RBI rolls out four-tier demarcation for the NBFC landscape

A four-tier regulatory demarcation has been proposed for the NBFC sector in order to minimise the impact of sectoral shortfalls on the financial ecosystem

January 22, 2021

The NBFCs will be demarcated into the Base Layer, Middle Layer, Upper Layer and the Top Layer.

The Base Layer will cover NBFCs with assets worth US$ 137,167 and the Middle Layer has a capital requirement of 15%.

Capital conservation buffers and capital charges are to be levied on Top Layer NBFCs should the risk component be higher.

The Upper Layer of NBFC will cover close to 20 NBFCs that follow regulations similar to that of banks.

As part of the Reserve Bank of India’s initiative to regulate the shadow banking sector in India, Non-Banking Financial Companies (NBFCs) are to be classified into four categories on grounds of importance to the financial ecosystem. A corrective step that will help prevent instances similar to the IL&FS crisis, the regulations will allow for the creation of four demarcations namely the Base Layer, Middle Layer, Upper Layer and the Top Layer. 

The Base Layer will consist of NBFCs with assets worth US$ 1,37,167 spread across peer-to-peer lenders, non-operating financial holdings and account aggregator clientele. The Middle Layer will consist of non-deposit taking entities with a capital requirement of 15%. The Upper Layer will cater to 20 NBFCs that follow regulations similar to that of banks. The RBI is to include a listing requirement and introduce a 1-9% equity quantum for this spectrum of NBFCs. Provisions will be put in place to monitor Upper Layer NBFCs should there be higher risks involved. The Top Layer NBFCs, according to media sources, are expected to be subject to capital conservation buffers and capital charges. These measures will help make NBFC operations more efficient and prevent the potential collapse of the finance ecosystem in India should contingencies arise among the upper layers of the demarcation. 

The NBFC landscape in India

NBFCs in India belong to the shadow banking sector that are commonly preferred owing to their capillary reach as well as the potential in elevating the MSME sector. The Reserve Bank of India documents that NBFCs are the third largest repository of financial assets closely following Scheduled Commercial Banks and Insurance Companies. From a regulatory perspective, they are subject to RBI guidelines with a minimal scope of regulatory arbitrage. They are characterised by relatively lenient regulatory protocols, speedier service delivery to clientele and also act as a bulwark to the sector at large in event of banks coming under stress. 

However, NBFCs themselves are prone to stress as evidenced by the effects of the COVID-19 pandemic on the sector at large. RBI Governor Shaktikanta Das, in a statement as of October 22, 2020, has urged both banks and NBFCs to take up stress tests and assess the extent to which capital will have to be raised for optimal credit flow.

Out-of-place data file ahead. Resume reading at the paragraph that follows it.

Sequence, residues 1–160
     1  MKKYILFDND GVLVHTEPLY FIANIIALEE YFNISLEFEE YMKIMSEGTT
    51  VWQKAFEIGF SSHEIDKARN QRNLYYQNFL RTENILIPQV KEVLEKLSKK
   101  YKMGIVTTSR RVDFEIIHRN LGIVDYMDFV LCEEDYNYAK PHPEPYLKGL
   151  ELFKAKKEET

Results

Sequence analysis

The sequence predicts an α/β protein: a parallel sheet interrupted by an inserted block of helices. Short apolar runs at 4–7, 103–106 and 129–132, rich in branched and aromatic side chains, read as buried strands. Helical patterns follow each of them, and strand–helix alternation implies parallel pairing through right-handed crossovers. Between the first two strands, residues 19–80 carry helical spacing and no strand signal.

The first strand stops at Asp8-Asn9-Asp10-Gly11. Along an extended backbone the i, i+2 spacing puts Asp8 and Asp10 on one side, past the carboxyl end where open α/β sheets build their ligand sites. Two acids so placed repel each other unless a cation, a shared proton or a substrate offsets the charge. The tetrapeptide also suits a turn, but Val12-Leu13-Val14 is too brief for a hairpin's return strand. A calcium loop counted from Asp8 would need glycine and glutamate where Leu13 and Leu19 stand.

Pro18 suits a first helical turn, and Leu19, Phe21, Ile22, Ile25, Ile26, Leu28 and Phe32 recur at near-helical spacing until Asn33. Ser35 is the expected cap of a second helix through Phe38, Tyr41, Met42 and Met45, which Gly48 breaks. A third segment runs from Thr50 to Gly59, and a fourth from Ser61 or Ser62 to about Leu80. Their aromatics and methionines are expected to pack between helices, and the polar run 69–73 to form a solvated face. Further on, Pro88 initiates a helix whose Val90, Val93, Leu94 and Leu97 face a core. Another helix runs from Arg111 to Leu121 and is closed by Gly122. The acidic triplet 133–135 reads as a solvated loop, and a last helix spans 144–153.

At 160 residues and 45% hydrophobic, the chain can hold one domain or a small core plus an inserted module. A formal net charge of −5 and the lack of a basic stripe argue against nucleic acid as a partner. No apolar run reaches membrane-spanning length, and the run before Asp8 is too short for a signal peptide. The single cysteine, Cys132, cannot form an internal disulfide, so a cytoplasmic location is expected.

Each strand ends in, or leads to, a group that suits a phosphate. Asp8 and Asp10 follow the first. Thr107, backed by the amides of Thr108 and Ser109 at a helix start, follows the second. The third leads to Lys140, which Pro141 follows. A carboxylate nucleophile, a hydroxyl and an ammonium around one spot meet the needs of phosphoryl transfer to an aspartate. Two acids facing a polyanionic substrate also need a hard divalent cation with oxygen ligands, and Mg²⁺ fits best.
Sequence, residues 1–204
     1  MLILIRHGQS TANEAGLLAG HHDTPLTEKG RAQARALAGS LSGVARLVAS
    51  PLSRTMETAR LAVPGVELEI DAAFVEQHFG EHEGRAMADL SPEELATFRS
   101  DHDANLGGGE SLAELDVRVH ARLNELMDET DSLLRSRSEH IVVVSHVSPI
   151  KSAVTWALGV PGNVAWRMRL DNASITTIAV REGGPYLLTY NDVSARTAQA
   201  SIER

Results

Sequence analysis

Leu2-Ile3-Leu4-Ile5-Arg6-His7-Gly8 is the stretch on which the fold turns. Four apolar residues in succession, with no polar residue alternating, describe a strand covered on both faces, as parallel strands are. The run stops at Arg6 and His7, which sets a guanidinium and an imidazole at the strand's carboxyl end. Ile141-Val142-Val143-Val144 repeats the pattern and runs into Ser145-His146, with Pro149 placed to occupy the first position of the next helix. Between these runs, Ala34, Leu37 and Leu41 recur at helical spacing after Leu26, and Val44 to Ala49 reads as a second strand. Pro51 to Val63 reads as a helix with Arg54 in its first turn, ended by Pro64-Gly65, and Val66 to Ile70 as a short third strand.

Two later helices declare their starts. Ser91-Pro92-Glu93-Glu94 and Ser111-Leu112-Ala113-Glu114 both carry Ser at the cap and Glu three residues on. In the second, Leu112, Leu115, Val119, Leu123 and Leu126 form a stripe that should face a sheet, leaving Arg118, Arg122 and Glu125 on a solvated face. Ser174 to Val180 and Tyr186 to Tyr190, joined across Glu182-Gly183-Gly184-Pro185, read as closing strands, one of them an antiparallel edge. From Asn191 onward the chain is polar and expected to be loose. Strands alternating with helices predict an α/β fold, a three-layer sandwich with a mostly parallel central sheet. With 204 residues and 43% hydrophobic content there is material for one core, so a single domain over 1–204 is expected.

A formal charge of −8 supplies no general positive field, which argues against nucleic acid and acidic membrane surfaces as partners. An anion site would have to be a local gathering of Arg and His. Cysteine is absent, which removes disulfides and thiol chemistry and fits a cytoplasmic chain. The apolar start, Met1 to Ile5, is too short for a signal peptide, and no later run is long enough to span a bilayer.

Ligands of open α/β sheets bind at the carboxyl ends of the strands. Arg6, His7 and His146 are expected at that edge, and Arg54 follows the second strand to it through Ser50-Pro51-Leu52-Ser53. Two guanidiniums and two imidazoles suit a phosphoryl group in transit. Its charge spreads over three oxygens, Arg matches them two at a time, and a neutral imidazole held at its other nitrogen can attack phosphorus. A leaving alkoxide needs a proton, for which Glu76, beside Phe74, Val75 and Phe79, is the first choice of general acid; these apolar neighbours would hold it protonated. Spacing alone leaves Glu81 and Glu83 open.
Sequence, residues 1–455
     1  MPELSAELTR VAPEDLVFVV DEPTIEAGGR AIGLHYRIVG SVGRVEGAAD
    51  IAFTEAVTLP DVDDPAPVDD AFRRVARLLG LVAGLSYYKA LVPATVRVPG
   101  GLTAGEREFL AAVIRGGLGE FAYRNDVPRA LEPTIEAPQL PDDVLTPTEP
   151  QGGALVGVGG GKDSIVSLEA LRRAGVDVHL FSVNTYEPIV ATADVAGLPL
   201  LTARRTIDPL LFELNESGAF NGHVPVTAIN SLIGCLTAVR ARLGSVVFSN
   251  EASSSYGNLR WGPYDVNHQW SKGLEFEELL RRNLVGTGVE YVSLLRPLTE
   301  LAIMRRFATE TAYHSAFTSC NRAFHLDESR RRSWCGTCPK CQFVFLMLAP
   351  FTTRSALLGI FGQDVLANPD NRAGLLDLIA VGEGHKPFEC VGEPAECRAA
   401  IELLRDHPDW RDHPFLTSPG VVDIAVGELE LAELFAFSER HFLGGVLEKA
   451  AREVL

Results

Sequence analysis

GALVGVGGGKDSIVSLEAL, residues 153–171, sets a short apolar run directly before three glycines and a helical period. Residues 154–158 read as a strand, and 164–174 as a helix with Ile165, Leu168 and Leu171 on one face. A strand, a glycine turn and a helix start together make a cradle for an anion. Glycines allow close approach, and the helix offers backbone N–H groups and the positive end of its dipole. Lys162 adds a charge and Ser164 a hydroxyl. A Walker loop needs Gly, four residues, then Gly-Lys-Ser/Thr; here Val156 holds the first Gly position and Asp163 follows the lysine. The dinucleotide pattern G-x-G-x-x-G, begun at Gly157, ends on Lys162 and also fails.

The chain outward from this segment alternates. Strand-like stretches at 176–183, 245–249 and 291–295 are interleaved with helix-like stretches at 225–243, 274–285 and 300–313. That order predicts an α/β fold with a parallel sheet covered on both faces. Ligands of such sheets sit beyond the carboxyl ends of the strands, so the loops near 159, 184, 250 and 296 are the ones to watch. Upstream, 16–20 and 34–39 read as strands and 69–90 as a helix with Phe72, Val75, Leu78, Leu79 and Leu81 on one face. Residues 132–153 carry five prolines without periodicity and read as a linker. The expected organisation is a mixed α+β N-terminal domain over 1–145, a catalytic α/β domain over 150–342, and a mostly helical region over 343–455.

NBFCs in particular are susceptible to greater risk owing to their capillarity and affinity towards wholesale funding among several other factors. Given that the ecosystem is prone to liquidity shortfalls, it is imperative that strategies are implemented to help the sector recover from the crunch. Furthermore, the setting up of mechanisms for public disclosure would significantly aid transparency in operation in addition to stipulating concrete internal mechanisms. 

While the regulations put out by the RBI will help the sector become more resilient in the face of risk, NBFCs will continue to be privileged by several entities in need of sound investments. The rural regions in particular stand to gain as the existing quantum of bad debt is likely to discourage traditional banks from permeating the landscape. The credit demand in such economies will help the NBFCs sector expand their national footprint.

Way forward for the NBFC landscape

According to Mahantesh Sabarad, NBFCs in India are synonymous with higher Net Interest Margins and Non Performing Assets. It is essential that any regulations proposed to aid the sector should help maintain the aforementioned competitive advantage for the NBFC space. Policymakers will also have to ensure that regulations do not disproportionately curtail the progress made by smaller NBFCs as they often struggle with raising capital. The landscape is one with immense potential for growth as the Upper Layer NBFCs have grown to rival traditional banks. 

The COVID-19 pandemic has significantly impacted NBFC profitability owing to the peculiarities of their business models. The securitisation market is also likely to be impacted by the pandemic thereby posing a potential threat to NBFC funding. This could be further compounded by a pattern of defaulting across different types of asset classes. All of these factors could throw significant roadblocks in the shadow banking sector’s road to recovery post pandemic. The growth of the landscape is expected to be gradual and it is imperative that regulations and policymakers bear in mind this progression. The NBFC landscape when developed with the aid of conducive policy making can help further digitisation in India. 

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